LiDAR-based Ecosystem Classification for Calvert Island

The purpose of this work was to define and map a set of repeating ecohydrological classes on Calvert and Hecate Islands using remote sensing data and an unsupervised classification technique. The resulting map provides a new tool for characterizing the extent and internal properties of different ecosystem classes, for stratifying future study designs, and for evaluating the influence of terrestrial landscape characteristics on watershed processes.

"Traditionally, forest inventory and ecosystem mapping at local to regional scales rely on manual interpretation of aerial photographs, based on standardized, expert-driven classification schemes. These current approaches provide the information needed for forest ecosystem management but constrain the thematic and spatial resolution of mapping and are infrequently repeated. The goal of this research was to demonstrate the utility of an unsupervised, quantitative technique based on Light Detection And Ranging (LiDAR) data and multi-spectral satellite imagery for mapping local-scale ecosystems over a heterogeneous landscape of forested and non-forested ecosystems. We derived a range of metrics characterizing local terrain and vegetation from LiDAR and RapidEye imagery for Calvert and Hecate Islands, British Columbia. These metrics were used in a cluster analysis to classify and quantitatively characterize ecological units across the island. A total of 18 clusters were derived. The clusters were attributed with quantitative summary statistics from the remotely sensed data inputs and contextualized through comparison to ecological units delineated in a traditional expert-driven mapping method using aerial photographs. The 18 clusters describe ecosystems ranging from open shrublands to dense, productive forest and include a riparian zone and many wetter and wetland ecosystems. The clusters provide detailed, spatially-explicit information for characterizing the landscape as a mosaic of units defined by topography and vegetation structure. This study demonstrates that using various types of remotely sensed data in a quantitative classification can provide scientists and managers with multi- variate information unique from that which results from traditional, expert-based ecosystem mapping methods." - Abstract from Thompson et al. 2016.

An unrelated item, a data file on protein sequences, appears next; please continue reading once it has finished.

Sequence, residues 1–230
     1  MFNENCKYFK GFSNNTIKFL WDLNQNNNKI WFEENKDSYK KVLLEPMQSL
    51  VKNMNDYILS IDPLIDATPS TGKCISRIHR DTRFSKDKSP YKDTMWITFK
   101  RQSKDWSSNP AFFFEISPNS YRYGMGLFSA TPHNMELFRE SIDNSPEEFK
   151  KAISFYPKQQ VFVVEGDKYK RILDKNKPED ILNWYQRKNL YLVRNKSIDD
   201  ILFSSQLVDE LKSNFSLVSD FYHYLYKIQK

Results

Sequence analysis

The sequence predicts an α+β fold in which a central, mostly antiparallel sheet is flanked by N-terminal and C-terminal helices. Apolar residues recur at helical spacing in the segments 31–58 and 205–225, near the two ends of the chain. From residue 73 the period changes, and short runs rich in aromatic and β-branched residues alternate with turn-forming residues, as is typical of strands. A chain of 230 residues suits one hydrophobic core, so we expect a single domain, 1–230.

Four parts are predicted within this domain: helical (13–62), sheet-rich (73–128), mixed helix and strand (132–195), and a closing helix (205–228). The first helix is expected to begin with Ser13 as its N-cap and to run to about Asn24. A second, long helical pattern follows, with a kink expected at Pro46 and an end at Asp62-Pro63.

Attributes

(Note for interpretation: attribute values represent all cells of a given cluster type within the study area, rather than a specific polygon or cell on the map.)

Cluster_ID: Identification number for each cluster delineated by Thompson et al. 2016. Forest_Non: Differentiates forested and non-forested ecosystem classes of Thompson et al. 2016. Gen_EClass: The eighteen clusters delineated by Thompson et al. were each assigned to one of six generalized ecosystem classes. Extent_ha: Extent of the cluster in hectares. Elevation: Mean elevation of the cluster in m. Gap_Fractn: Mean gap fraction for the cluster. Gap Fraction is the ratio of total number of laser points = the minimum height threshold (2 m in this study). Reflects average height of tree canopy. NDVI: Mean of NDVI values measured in grid cells of this cluster. A measure of vegetation greenness, widely used as a proxy for productivity. Values near zero are considered non-vegetated or sparsely vegetated. Slope_Prct: Mean % slope for grid cells of this cluster. TPI: Mean Topographic Position Index for grid cells of this cluster. Positive values (>0.5 in this study) represent ridges and upper slopes, whereas negative values (< 0.5 in this study) represent lower slopes and valley bottoms; values near zero are mid-slope or flat (De Reu et al., 2013; Tagil & Jenness, 2008; Weiss, 2001). TRASP: Mean Topographic Radiation ASPect for grid cells of this cluster. Values near 0 (~0.5) are S, W, SW, or SE facing (warm slopes). TWI: Mean Topographic Wetness Index for grid cells of this cluster. Higher values are considered wetter, lower values drier. Count: The total count or number of 20 x 20 meter cells represented in each cluster.

A complete explanation of methods is available in Thompson et al. 2016. Data-driven regionalization of forested and non-forested ecosystem in coastal British Columbia with LiDAR and RapidEye imagery. The manuscript is available here: Thompson et al. 2016

A small number of data voids in the 2012 LiDAR coverage were present and were excluded from the analysis. Although the voids have since been filled with new LiDAR data acquired in 2014, the new data were not included in the analysis of Thompson et al. Other “gaps” in the spatial coverage of the final map are a result of the exclusion of non-vegetated areas (as guided by the Normalized Difference Vegetation Index (NDVI) and the provincial Freshwater Atlas (FWA): http://geobc.gov.bc.ca/base-mapping/atlas/fwa/index.html). In addition to small waterbodies, these non-vegetated areas include a few small areas at high elevation that were snow-covered at the time of the RapidEye image acquisition.

DOI: http://dx.doi.org/10.21966/1.135248

Access and Use

Licence: Appropriate credit must be given to Hakai Institute and the authors of the dataset.

Data and Resources

Dates

Metadata Created October 26, 2018, 22:48 (UTC)
Metadata Updated October 26, 2018, 22:48 (UTC)
Reference Date(s) 2016-01-08 (Creation)
2016-01-08 (Publication)
Frequency of Update
Metadata Date September 13, 2018, 16:01 (UTC)

Graphic Preview

Dataset extent

Map data © OpenStreetMap contributors

Additional Info

Field Value
Contact Email data@hakai.org
encoding utf8
metadata-language eng
progress completed
resource-type dataset
Responsible Party University of Victoria (Author); Hakai Institute (Point of Contact, Processor)
spatial-reference-system 3857